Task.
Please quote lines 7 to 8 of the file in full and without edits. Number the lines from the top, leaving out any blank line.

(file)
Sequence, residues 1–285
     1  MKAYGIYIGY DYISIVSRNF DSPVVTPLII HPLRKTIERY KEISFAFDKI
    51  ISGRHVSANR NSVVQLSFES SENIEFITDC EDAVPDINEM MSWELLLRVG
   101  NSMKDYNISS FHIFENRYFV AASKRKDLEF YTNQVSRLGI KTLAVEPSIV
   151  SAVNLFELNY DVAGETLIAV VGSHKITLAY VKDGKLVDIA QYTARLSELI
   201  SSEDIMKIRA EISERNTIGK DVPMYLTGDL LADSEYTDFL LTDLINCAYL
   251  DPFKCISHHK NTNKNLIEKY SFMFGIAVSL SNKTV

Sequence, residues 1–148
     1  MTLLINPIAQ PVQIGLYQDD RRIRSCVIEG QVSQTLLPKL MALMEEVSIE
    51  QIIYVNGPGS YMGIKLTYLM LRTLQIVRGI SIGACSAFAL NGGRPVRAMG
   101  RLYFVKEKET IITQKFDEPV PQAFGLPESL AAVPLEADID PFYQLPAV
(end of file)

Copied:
   251  DPFKCISHHK NTNKNLIEKY SFMFGIAVSL SNKTV

Sequence, residues 1–148